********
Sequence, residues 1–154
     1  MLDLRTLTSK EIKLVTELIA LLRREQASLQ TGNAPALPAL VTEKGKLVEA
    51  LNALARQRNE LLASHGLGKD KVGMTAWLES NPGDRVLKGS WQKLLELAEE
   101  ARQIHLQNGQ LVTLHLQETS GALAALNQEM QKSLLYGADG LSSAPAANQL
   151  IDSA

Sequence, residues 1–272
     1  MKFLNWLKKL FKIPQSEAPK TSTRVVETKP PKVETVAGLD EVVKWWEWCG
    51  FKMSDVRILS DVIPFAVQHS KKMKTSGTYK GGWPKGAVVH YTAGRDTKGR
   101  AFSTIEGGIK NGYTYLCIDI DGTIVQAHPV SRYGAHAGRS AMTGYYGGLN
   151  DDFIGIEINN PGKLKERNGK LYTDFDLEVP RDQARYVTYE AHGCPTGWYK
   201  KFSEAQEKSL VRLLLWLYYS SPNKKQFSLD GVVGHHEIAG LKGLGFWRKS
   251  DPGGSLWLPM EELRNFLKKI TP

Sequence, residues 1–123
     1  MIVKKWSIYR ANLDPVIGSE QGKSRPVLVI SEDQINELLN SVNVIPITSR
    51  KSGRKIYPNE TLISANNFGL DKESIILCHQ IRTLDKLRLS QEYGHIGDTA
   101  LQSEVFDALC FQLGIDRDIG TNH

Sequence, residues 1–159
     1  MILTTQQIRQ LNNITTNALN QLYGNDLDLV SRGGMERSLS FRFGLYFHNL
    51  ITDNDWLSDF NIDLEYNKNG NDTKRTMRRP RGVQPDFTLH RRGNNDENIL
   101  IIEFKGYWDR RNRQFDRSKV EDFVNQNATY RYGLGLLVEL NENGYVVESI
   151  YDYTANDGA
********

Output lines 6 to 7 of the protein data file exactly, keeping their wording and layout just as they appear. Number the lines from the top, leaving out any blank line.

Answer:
Sequence, residues 1–272
     1  MKFLNWLKKL FKIPQSEAPK TSTRVVETKP PKVETVAGLD EVVKWWEWCG